The dice snake lives along rivers, streams and ponds, as it feeds mainly on fish. In the autumn, it searches for a wintering place and often finds its way into the shafts, basements, garages and woodsheds of houses that are located near the water. The dice snake is also a completely harmless and non-venomous snake. When trapped in a corner, it lifts the first third of its body, hisses loudly and throws its head towards the threat, similarly to a cobra. However, despite its intimidating appearance, it never bites.

In the vicinity of human dwellings and stables, some other, also non-venomous, snake species (the aesculapian snake, the western whip snake and the grass snake) are found as well, though less frequently. Venomous snakes are encountered around houses only extremely rarely.

One species often found in the vicinity of homes, in gardens, meadows and at the edge of the forest is the slow worm. The slow worm is not a snake but a lizard that lost its legs during evolution due to its mode of life. It is completely harmless and kills many snails in the garden, which are its main food. You should never kill them.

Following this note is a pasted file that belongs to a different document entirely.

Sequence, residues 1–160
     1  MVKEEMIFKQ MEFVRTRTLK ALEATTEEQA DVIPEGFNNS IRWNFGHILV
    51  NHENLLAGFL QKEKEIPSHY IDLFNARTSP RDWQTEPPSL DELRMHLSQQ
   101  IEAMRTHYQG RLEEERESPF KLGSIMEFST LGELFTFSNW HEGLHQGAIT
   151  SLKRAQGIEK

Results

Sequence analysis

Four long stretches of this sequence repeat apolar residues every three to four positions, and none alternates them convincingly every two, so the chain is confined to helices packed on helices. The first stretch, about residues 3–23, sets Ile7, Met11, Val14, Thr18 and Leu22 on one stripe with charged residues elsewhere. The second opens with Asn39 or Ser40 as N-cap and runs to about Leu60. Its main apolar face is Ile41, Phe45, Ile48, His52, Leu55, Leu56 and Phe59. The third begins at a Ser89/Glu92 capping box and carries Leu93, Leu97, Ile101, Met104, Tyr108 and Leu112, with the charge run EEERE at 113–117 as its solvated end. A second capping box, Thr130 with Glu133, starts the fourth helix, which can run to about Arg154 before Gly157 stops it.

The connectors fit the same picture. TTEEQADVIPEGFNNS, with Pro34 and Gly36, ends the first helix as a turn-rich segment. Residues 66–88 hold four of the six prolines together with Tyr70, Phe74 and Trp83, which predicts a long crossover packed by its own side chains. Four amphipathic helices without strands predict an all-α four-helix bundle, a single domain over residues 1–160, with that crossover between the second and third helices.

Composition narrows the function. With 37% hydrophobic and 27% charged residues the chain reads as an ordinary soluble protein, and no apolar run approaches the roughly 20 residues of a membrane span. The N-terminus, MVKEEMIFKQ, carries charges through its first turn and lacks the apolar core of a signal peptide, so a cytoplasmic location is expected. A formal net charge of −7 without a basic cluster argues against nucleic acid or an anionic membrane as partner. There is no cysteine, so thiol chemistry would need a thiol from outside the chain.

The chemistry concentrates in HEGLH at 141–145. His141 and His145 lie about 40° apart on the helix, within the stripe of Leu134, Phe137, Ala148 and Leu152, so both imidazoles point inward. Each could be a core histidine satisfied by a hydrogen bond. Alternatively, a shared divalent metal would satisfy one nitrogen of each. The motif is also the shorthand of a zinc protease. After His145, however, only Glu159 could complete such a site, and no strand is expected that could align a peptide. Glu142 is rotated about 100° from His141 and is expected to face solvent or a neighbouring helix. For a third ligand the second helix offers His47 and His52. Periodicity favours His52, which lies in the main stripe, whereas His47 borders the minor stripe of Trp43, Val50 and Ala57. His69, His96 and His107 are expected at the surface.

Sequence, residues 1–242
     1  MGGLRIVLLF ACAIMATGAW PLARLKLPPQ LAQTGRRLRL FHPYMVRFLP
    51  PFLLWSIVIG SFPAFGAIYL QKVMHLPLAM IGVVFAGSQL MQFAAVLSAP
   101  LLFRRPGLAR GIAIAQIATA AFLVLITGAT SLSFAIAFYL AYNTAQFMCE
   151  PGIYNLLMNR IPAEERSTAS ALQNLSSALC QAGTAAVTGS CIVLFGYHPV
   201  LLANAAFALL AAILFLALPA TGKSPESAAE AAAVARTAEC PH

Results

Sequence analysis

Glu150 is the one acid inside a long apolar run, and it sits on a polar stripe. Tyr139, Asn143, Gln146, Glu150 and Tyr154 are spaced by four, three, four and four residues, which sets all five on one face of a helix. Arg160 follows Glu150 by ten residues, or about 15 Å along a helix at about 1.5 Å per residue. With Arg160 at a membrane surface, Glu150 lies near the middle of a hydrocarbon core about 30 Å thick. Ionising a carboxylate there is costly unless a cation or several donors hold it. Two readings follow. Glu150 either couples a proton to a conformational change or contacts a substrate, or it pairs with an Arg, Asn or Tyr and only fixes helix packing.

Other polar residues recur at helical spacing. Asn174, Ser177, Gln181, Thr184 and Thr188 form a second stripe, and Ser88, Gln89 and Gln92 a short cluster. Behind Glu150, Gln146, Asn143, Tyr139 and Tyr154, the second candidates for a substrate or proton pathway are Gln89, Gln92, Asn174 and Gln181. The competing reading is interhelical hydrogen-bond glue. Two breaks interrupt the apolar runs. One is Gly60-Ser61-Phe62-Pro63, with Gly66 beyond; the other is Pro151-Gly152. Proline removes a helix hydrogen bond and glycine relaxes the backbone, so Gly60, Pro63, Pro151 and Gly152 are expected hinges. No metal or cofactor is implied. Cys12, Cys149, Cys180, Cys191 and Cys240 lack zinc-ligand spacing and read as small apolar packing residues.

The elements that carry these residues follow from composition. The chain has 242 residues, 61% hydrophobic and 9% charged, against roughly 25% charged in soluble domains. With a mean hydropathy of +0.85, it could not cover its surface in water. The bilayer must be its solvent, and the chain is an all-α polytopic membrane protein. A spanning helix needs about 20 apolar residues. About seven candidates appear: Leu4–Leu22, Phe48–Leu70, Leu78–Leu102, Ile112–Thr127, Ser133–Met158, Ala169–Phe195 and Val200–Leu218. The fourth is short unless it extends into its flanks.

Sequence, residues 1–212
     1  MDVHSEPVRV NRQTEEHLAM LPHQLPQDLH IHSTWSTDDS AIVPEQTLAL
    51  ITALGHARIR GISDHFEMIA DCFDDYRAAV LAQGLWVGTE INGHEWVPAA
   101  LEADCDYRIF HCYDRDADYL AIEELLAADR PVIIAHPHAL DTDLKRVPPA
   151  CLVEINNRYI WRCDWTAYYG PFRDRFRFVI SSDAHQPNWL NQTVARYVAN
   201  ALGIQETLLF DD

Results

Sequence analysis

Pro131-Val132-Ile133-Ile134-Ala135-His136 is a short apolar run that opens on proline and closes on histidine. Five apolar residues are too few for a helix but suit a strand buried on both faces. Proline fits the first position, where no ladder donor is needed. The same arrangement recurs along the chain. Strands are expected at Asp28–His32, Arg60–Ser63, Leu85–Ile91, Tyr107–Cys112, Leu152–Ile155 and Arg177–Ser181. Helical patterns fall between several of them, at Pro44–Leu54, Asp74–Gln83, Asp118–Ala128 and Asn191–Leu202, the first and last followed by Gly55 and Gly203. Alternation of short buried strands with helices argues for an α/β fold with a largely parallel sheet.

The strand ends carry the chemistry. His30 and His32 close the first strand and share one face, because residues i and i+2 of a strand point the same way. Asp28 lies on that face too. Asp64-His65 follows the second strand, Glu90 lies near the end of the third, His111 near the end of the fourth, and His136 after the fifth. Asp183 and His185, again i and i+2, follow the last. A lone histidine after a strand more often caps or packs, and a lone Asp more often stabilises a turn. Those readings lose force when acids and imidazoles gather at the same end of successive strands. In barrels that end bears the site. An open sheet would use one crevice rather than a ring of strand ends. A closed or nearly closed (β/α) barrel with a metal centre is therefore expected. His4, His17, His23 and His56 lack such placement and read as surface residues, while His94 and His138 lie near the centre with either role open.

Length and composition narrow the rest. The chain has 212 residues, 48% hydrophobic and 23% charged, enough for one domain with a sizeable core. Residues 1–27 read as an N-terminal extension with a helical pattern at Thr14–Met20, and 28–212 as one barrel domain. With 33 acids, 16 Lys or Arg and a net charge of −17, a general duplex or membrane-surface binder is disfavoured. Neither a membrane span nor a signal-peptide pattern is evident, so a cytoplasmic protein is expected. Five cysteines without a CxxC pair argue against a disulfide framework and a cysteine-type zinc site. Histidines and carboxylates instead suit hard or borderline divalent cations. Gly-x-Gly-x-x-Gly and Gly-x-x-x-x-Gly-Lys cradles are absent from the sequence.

What, then, should you do if you find a snake near your home?

Above all, do not panic, as every snake will retreat if you just give it a chance. You will very probably never see it again.

If a snake enters an enclosed space or if it stays close to your home for several days and makes you feel uncomfortable, do not try to catch or kill it. Take a close look at it and, if possible, photograph it and turn to experts for help.

(Based on text by Dr Staša Tome.)

Birds found

If you find a baby bird anywhere on the ground, do not try to help it! It is best to retreat as soon as possible and leave the baby bird where you found it. A lone baby bird is usually not as helpless as it seems. Its parents are never far away. As soon as you retreat, they will continue to take care of it.